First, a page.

How society values teachers varies. Some people are quick to remark about our holidays and short working hours. Others, that are typically connected to a teacher in some way, realise it’s not a fairy tale. That it actually involves a myriad of professions tied into one and extends beyond the typical ‘nine to five’.
There’s nothing more rewarding than seeing a student struggle, then come through the other side with that ‘Ah-ha!’ moment. It’s what learning is all about and seeing it never gets old. Also, when you walk down the street and see a past student that’s willing to stop and say ‘hello’, as not all students will—it’s a nice reminder that you may have had an impact on a child’s life.
I’m grateful to have so many positive experiences with children every day, as I feel they’re the most honest humans in the world. They’ll frequently tell you what they’re thinking, they regularly have amazing ideas and they’ll frequently make you laugh. These qualities remind me of what it is to be human and if we, teachers, stifle that, we’re definitely not doing our job. They keep me honest, happy and, most importantly, curious as to what we should do next with our own learning journeys.
It’s too hard to convey what makes a great teacher, but I believe we need to be showing students that we’re fallible too, and not some superhuman organism that can’t fail or become upset. We must promote curiosity and be good listeners to all of our students. We must not let our own prejudices get in the way of our thinking and we must allow ourselves to like the unlikeable student. To get the best out of them, we must have high expectations. Finally, I must add that laughing is the best medicine that anyone can prescribe, so let’s laugh every day with our kids and show them the joy of good humour.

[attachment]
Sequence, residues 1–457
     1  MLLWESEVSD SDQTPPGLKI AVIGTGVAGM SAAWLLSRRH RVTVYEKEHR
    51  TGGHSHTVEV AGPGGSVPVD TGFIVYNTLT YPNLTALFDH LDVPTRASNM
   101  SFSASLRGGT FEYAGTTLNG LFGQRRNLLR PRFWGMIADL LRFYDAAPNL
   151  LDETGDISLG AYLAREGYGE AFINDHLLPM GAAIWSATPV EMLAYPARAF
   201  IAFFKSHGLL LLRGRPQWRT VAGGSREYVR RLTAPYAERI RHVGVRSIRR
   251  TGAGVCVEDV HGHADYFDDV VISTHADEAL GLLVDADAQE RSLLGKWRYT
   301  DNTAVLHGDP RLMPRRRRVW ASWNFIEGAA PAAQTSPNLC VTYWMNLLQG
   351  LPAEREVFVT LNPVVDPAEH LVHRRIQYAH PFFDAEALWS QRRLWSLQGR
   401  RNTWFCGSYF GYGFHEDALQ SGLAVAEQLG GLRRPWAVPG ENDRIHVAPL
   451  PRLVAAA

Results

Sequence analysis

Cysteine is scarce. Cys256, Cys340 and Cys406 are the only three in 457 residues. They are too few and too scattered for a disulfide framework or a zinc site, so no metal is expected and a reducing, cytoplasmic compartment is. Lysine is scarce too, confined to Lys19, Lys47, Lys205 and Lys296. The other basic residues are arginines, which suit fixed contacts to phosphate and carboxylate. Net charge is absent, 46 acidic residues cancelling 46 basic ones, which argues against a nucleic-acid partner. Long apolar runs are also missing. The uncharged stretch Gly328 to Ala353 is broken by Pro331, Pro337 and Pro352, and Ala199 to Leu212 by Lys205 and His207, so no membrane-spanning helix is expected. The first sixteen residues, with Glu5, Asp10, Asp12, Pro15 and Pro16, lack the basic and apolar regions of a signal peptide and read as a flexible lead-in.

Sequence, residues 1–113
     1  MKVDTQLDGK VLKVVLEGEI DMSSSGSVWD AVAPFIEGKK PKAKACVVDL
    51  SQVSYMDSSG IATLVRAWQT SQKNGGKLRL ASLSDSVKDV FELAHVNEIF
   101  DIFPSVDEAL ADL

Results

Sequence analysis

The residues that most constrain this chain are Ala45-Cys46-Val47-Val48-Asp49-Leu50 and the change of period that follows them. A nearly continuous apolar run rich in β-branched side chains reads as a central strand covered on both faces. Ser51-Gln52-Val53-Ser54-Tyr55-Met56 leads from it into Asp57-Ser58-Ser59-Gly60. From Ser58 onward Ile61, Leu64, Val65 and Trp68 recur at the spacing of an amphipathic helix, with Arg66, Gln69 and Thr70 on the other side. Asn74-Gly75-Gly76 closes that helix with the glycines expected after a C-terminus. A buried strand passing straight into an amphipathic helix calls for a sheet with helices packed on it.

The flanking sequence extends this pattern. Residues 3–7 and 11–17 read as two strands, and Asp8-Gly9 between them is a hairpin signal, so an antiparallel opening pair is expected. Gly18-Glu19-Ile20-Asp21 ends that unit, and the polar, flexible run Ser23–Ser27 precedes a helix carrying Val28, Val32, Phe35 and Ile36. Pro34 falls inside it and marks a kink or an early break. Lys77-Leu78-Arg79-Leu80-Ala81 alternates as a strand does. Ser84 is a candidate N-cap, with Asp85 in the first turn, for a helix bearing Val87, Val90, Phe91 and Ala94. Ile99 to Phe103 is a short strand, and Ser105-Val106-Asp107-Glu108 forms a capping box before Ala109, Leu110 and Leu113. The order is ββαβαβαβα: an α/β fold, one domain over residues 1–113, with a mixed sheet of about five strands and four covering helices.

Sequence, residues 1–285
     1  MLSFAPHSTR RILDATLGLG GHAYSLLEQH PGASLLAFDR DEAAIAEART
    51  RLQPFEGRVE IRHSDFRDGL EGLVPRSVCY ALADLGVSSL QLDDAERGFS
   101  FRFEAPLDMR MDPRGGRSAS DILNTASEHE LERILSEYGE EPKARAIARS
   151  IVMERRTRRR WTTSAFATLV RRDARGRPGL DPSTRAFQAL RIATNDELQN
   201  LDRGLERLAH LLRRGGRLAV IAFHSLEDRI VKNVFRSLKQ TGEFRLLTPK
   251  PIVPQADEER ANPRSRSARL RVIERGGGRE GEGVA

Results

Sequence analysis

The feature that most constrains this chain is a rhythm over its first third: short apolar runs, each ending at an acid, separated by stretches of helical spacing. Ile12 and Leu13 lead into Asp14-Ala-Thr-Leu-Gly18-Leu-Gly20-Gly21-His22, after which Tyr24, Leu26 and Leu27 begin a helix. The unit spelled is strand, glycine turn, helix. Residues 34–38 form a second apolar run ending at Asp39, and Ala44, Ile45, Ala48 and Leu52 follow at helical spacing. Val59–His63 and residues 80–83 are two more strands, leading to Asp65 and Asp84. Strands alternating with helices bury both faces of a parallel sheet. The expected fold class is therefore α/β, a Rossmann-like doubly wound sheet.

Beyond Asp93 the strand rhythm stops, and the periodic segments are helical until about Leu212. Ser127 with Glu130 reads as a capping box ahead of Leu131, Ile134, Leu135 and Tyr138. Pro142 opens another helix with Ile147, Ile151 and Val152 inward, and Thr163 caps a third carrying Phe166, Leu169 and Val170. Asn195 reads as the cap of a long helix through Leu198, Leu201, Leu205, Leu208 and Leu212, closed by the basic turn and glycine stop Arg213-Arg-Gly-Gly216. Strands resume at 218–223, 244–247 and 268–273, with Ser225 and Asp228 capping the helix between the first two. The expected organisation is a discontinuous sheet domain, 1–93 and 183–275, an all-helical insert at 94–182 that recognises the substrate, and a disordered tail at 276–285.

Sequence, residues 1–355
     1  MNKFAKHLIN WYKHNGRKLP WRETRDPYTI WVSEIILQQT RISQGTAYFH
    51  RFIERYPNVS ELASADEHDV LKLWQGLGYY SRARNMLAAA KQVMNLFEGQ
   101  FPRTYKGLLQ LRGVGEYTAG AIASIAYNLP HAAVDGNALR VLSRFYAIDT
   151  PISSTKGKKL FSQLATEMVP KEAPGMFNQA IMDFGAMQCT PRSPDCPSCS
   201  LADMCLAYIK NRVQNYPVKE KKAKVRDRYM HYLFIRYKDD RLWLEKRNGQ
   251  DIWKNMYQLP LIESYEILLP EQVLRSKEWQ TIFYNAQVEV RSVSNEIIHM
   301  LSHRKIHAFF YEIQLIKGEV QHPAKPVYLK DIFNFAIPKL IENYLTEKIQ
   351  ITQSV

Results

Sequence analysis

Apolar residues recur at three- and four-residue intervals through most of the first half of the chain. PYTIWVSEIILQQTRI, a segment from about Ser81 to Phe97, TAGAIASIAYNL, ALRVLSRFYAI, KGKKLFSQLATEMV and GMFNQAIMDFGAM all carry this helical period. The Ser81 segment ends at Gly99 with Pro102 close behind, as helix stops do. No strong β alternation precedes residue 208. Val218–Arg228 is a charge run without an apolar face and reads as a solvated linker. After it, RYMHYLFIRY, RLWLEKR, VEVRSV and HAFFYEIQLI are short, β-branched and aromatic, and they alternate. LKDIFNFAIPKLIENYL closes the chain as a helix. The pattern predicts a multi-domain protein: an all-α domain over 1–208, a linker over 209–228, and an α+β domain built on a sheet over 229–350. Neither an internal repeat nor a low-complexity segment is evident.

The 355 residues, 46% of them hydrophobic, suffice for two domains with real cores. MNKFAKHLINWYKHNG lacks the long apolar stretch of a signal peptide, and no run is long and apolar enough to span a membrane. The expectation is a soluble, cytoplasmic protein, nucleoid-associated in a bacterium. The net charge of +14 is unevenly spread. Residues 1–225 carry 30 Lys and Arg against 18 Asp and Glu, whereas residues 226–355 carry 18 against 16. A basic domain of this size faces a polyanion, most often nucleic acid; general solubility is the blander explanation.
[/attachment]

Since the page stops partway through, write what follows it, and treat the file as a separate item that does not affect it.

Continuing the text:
Great things are currently happening across Gippsland schools, but too often the curriculum feels so crammed that we punch through the weeks looking to ticking boxes and suddenly another year has passed. Teachers should visit other schools more often and spend time seeing high performing classrooms in action, highlight our great teachers and allow others to meet with them to ask for support or gather ideas. Mentoring is common in many professions, why not teaching as well? Especially early in their career, as the statistics state, this is when most graduates make it or break from the profession.
A career in education is an incredibly rewarding, stable job, with good conditions and reasonable remuneration and the goal to better our next generation, our communities and, ultimately, our world.